City Council members have added their six thumbs up to conducting a study that will look at whether a second convention center in the city is a good opportunity, where it should be built in East Biloxi, and how it should be funded.
On Tuesday — with Councilman Nathan Barrett recusing himself and out of the room during the discussion — the council voted 6-0 to move forward with a feasibility study that will be paid for by the developer, BBR Biloxi. The estimated cost of the study is $150,000 to $200,000.
“We just want to know — is it doable?” Mayor Andrew “FoFo” Gilich said. “And if it is, where should it be?”
Gilich said the Wall Street investors considering the project, described as a “world-class, waterfront, mixed-use convention center and retail project,” have local ties in Baton Rouge, Picayune and Pearl River County. The manager is listed as Jeff Bartlam in Baton Rouge.
“They’re the ones doing the study,” Gilich said, and if they decide to proceed will put up to $150 million into the deal to build a convention and retail center near the waterfront and within a mile of about 6,000 hotel rooms in East Biloxi. He said it will allow the city to cash in on its waterfront and will fill hotel rooms midweek.
The public had many questions about the proposed convention center when they read about the proposal in the Sun Herald:
▪ What will the convention center cost Biloxi taxpayers?
Under Tuesday’s council vote, the city will pay up to $250,000 for pre-development costs if BBR Biloxi agrees to purchase the former Tullis Manor site from the city. The agreement says Biloxi will help select a site and develop a public-private partnership to obtain funding to “establish, own and operate” the convention and retail center.
▪ Why that site?
The Tullis-Toledano property at 947 Beach Boulevard, west of Harrah’s Gulf Coast, is just one of the properties being considered, Gilich said. If the developer buys the land from the city for a convention center site, it would be coupled with adjoining private property, he said.
“There’s a lot of empty space in east Biloxi,” said Gerald Blessey, city attorney. The study also will look at property east of Interstate 110 and specifically at:
- land owned by the city and state south of U.S. 90 and east of Myrtle;
- vacant land on the east side of Holley Street and south side of Howard Avenue;
- vacant land east of Myrtle and north of U.S. 90, vacant parcels on Caillavet Street north of Division Street;
- the city’s land and waterfront at the Sherman Canaan Back Bay Fishing Docks on Bayview Avenue.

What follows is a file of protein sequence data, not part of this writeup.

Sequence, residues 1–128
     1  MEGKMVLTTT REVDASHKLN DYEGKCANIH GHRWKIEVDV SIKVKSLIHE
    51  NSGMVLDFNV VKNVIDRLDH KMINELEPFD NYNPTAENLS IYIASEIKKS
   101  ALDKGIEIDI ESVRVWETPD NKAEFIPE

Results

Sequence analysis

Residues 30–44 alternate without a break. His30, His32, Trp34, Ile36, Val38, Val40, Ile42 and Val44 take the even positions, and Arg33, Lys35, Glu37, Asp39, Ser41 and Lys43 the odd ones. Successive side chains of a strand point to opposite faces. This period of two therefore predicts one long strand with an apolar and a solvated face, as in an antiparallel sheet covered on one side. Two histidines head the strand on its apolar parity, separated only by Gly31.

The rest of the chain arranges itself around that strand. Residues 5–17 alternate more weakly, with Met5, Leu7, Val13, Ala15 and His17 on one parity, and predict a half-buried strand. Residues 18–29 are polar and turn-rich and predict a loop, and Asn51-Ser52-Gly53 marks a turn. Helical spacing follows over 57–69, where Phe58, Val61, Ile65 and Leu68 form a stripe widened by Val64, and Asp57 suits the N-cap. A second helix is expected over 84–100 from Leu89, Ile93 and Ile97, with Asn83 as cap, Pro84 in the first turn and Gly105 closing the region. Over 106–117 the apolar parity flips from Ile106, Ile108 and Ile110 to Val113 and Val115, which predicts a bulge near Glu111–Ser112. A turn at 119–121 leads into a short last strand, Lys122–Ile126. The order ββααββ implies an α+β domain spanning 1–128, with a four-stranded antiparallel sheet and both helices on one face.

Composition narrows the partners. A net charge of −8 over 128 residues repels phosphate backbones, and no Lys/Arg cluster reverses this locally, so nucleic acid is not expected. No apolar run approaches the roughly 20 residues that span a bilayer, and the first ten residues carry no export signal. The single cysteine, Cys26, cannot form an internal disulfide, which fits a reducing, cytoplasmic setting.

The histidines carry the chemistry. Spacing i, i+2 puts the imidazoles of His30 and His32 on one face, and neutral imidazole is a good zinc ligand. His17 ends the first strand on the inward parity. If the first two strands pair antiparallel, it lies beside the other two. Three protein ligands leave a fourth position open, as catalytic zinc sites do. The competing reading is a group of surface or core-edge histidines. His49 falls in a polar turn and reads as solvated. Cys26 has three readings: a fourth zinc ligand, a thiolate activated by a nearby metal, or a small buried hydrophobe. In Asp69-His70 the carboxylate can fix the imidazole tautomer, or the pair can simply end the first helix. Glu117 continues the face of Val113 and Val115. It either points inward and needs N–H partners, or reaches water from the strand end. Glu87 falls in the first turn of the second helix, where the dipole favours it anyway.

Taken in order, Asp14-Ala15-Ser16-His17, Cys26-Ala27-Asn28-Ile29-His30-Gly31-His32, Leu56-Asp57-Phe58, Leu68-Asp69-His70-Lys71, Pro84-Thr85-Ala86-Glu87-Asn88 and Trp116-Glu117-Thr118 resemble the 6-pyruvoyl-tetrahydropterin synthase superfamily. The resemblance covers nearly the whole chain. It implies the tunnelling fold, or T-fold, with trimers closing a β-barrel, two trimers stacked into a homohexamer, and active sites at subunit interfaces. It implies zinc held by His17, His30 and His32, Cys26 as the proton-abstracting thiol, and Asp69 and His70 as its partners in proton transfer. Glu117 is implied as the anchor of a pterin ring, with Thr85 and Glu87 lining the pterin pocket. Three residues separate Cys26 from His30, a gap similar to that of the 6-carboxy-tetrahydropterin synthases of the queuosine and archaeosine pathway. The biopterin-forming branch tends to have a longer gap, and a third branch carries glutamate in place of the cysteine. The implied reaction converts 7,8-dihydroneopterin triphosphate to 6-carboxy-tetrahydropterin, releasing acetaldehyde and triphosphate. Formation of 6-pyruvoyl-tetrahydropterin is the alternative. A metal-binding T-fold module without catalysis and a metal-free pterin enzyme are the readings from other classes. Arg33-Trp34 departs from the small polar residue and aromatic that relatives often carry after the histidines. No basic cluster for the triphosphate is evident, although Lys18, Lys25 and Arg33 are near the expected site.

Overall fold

▪ Wasn’t the Tullis Manor site part of ancient burial grounds?
The property was being considered as the spot to rebuild the Maritime & Seafood Industry Museum after Hurricane Katrina. That changed after a 2010 letter to the city from Mississippi Emergency Management Agency Director Thomas “Mike” Womack. He said the Tullis-Toledano property contains “many intact cultural deposits, and the adjoining property contains Native American burial sites.”
Womack said FEMA had concerns that the likelihood of encountering burials and other archeological deposits on the property gives a “high potential for substantial cost increases and extensive delays.”
Regulations that apply to a city, however, don’t necessarily apply to a private developer.
▪ What about Back Bay waterfront sites?
At the Tullis site, flood elevation and velocity zones will be a challenge as a convention center location.
Chris Ferrara, who owns the former Heinz plant on the Back Bay in East Biloxi and proposes a casino there, attended Tuesday’s council meeting and offered another option. His 180,000-square-foot waterfront building sits on 24 acres, above the flood plain and out of the velocity zone and said.
“I will offer that to the city as a convention center,” either for sale or as a joint venture. “I think it would be a fantastic facility because it’s already there,” he said. The building has reinforced concrete floors, 30-foot ceilings, no protected oak trees and no Native American burial site.
The challenge for this site and the Back Bay Fishing Docks is the lack of hotel rooms in walking distance.
▪ Don’t Harrison County taxpayers still owe millions for the Coast Convention Center?
“I don’t want anyone to forget this facility was built with tax dollars and it’s being paid for with tax dollars,” said Matt McDonnell, executive director of the Coast Coliseum and Convention Center in West Biloxi. The debt service on one of the bonds ends in 2034 and another starts in 2035, he said.
The debt service has always been paid for with the tourism tax approved by the voters, he said. Events and fees cover the cost of operating the facility, while many other facilities require additional tax dollars for operations.
In its 41 years, the facility has hosted casino events, Cruisin’ The Coast, science fairs and Donald Trump when he campaigned for president.
There could be a market for two convention centers if a private developer funds the one in East Biloxi, he said, and no additional tax levy on Harrison County is added “for any reason.”
The Coliseum Commission has been fighting for years to find a developer to build a hotel at the convention center and bring more meetings to the facility.
Conventions are big business, McDonnell said. “In the end it’s all going to be dictated pretty much by the math,” he said. The $150 million for the proposed new center could build “a whole lot of hotel rooms” near the current center, he said.